Mindful Safari – videos, pics and thoughts from our 2016 adventure

Mindful Safari – videos, pics and thoughts from our 2016 adventure

We have recently returned from Mindful Safari 2016 – and what a truly amazing time we all had! Where to start with the highlights of our six day retreat?  Arriving at Hoedspruit airport in a De Havilland twin prop aircraft, after a flight over the Drakensberg Mountains, we were soon whisked to nearby Lufafa Ranch and the luxurious accommodation which is for the exclusive use of Mindful Safari guests.

It is something of a relief to leave behind our normal lives behind and find ourselves in a place where you don’t have to make any decisions – a balanced program of game drives and meditation sessions seems to suit people wonderfully.  You can also put away your wallet for the week, having paid for everything up front.  Most people unplug from their phone for a lot of the time too, having told work colleagues and friends not to expect to hear from them.

All you have to do is make yourself at home – no great hardship in chalets as beautiful as these, with a constant procession of giraffe, hippo, wildebeest and numerous other animals strolling by to the watering hole.  Sometimes when you’re enjoying your own outside shower. 

One other point worth mentioning is that if you’re single, Mindful Safari is a great way of travelling without feeling like a spare part.  We’re all part of the same group, on the same page, wanting to do the same thing.  There are a couple of twin rooms, if you’d like to bring a friend, such as the one below, or you can luxuriate in your own chalet.

We set out on our first game drive the evening we arrive.  What surprises most people is just how close we get to the game.  These are wild animals in their own territory and we can get to just a few feet away from them.  How so?

The thing is, these animals are very familiar with Landrovers approaching, and are unfazed by them.  They don’t associate them with humans, unless we stand up – so we never do!  Our hosts and rangers are also familiar with the individual animals we encounter, having lived among them, in some cases, for decades.  They know exactly what an elephant is communicating by the way he glances over his shoulder, or by the position of his tail.  Or the family dynamics in a pride of lion. 

Learning some of this during the course of our visit means that every game drive offers the possibility of fascinating insights as well as awe-inspiring encounters, like some of the following, all of which I took from back of a Landrover using my phone – so please excuse the wobbliness.  You would almost certainly do a better job of this than me with the available talent!

Game drives have to rank among the most naturally mindful of human activities.  You are not thinking about business decision or events in your personal life when travelling along a dirt track with the possibility of a lion or elephant around every corner.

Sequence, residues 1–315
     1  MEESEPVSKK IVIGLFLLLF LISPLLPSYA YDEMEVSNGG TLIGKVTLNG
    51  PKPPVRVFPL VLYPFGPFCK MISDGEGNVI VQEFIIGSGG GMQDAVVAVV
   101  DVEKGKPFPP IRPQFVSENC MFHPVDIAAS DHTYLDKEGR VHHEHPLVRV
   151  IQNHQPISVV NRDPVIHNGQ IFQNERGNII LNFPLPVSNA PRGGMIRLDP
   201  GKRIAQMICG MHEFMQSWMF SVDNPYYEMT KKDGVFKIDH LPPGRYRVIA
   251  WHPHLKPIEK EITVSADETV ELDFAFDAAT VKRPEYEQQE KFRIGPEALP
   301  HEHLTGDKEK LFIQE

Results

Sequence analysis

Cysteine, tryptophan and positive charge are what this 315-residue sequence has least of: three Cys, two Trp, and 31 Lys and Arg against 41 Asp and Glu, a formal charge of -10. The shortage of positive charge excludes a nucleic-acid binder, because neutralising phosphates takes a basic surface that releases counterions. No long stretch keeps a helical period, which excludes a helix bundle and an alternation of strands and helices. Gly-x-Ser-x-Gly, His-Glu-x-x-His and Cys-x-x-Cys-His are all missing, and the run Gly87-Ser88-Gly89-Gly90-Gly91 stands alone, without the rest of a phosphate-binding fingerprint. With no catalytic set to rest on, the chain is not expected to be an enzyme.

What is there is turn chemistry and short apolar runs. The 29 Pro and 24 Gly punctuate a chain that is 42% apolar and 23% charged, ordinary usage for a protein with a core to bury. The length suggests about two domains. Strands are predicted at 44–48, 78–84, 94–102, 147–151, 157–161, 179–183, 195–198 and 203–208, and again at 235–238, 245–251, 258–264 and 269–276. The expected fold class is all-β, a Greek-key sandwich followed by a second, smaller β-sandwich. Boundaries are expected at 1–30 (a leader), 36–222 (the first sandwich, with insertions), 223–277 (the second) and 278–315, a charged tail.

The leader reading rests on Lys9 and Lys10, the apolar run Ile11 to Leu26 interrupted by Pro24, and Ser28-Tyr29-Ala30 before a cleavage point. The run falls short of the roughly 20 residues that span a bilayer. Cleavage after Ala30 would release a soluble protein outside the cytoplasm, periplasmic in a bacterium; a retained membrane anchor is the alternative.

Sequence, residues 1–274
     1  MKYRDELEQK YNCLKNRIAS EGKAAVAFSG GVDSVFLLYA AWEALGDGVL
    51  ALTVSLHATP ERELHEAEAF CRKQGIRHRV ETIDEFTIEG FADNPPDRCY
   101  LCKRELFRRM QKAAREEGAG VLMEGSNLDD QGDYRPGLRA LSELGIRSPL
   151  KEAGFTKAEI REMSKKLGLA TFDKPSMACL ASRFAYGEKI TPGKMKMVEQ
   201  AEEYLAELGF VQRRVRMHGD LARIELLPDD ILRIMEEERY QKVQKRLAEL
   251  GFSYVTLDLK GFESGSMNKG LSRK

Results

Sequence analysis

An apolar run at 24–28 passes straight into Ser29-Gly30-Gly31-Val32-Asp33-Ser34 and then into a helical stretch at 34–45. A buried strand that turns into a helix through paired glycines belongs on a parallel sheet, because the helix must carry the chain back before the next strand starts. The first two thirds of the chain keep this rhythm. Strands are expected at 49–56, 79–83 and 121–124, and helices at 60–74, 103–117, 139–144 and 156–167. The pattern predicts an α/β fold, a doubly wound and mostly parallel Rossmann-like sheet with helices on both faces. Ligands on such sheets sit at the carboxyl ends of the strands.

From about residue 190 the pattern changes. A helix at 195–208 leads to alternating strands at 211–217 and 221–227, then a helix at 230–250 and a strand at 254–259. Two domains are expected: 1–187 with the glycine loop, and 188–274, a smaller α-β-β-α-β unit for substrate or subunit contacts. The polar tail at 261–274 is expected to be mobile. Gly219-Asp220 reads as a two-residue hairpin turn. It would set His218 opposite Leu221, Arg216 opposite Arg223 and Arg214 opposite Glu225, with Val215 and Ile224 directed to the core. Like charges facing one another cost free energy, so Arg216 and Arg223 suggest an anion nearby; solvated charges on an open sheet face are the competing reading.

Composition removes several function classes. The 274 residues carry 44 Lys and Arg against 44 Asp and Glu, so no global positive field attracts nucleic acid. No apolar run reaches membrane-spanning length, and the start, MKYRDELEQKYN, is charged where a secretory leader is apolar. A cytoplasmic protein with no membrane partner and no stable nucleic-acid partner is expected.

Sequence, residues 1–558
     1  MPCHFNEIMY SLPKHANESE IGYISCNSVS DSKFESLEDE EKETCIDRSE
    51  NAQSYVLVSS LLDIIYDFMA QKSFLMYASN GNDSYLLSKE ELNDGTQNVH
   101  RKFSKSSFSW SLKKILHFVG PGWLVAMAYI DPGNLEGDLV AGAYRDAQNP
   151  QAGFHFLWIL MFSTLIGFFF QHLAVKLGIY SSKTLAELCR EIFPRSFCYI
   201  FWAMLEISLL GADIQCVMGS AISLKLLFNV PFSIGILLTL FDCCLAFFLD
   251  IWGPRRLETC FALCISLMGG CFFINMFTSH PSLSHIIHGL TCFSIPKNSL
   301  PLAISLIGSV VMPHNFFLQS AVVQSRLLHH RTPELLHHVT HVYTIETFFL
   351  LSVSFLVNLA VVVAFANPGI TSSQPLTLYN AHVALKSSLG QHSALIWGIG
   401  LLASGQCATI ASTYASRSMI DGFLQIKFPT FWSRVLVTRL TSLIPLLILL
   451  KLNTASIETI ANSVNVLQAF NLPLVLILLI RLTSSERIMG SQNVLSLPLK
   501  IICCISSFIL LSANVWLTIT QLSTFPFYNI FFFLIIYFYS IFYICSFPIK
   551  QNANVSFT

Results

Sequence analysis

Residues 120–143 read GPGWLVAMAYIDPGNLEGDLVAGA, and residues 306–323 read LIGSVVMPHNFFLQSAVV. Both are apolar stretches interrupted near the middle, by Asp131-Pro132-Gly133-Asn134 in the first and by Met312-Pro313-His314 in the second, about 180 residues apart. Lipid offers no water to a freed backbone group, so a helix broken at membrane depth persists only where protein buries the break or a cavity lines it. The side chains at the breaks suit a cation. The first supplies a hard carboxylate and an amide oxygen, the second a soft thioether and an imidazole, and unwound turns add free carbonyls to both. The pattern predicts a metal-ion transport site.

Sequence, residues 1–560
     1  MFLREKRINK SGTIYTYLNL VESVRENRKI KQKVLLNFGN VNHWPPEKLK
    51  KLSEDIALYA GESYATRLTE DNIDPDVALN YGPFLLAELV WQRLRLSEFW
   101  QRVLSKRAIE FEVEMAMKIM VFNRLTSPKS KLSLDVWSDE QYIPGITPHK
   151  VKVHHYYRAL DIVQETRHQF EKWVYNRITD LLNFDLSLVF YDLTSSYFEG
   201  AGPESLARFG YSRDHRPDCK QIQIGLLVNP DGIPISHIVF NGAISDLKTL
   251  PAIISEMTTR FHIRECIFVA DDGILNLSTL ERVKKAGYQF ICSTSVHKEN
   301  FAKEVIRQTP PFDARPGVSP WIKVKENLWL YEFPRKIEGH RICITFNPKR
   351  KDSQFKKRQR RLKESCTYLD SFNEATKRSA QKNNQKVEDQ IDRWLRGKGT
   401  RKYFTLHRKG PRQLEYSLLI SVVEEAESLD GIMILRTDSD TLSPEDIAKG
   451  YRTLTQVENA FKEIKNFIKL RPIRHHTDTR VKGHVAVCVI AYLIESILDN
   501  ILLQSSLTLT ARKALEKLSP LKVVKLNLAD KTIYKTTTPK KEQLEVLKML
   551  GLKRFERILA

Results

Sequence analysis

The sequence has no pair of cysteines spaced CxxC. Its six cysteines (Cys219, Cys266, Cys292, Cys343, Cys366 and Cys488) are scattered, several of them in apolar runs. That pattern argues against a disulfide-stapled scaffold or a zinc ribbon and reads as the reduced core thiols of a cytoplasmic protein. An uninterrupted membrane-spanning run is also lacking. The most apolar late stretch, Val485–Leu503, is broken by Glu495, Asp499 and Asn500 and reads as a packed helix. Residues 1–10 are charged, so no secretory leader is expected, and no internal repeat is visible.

This year, some of us were incredibly privileged to catch sight of an elusive aardvark during an evening drive.  A creature usually found only in crossword puzzles and other word games, the aardvark is so rare that the one we saw was the first our safari host, Claudia, had seen, in nine years at this reserve!  Unfortunately I can’t provide any photographic evidence: caught in the headlights at 9 o’clock at night, by the time we recognised what he was, he had gone!

Meditation sessions make a very natural fit with the mindful quality of game drives, as well as our withdrawal from the daily grind.  There was something very peaceful about sitting by an African riverbed at dawn, contemplating how interconnected we are with nature, our ever cell derived from the earth, the oxygen we breathe dependent on trees and plants – we don’t so much come into nature as emerge out of it.

When witnessing, first hand, how life for most beings on planet earth is a daily quest for food and drink, it also feels so real, sitting beneath the canopy of ancient trees, to experience gratitude for our lives of privilege and freedom. 

Something about being in this place has the effect of quite naturally awakening our compassion.  I was really touched when one of the guests this year told me that being witness to all he had seen made him want to be the best person he could be.  Yes, I thought – me too!  That’s one of the curious and moving things about this experience.  We withdraw from the world in order to return to it less jaded and stressed and with fresh gratitude, energy and purpose.

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Mindful Safari is the experience of a lifetime.  If it has been a while since  your eyes shone with uncontrived excitement, or since you felt genuinely awe-struck in the presence of nature, or deep peace abiding in the boundless tranquillity of your own mind – perhaps that time has come!

FIND OUT MORE AND BOOK ON THE NEXT MINDFUL SAFARI: http://davidmichie.com/mindful-safari/

 

 

 

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